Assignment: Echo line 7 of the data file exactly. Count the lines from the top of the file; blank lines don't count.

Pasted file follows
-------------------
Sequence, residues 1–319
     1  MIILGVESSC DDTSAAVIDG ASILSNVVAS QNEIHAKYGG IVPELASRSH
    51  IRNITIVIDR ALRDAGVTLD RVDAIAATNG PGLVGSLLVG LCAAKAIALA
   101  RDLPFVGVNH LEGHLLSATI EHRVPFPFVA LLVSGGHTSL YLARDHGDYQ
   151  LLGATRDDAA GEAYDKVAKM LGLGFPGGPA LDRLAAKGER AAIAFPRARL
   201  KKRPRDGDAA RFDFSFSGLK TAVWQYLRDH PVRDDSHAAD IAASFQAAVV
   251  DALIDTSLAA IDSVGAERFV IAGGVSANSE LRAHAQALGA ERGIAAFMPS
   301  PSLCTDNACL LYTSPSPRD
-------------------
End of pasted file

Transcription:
   251  DALIDTSLAA IDSVGAERFV IAGGVSANSE LRAHAQALGA ERGIAAFMPS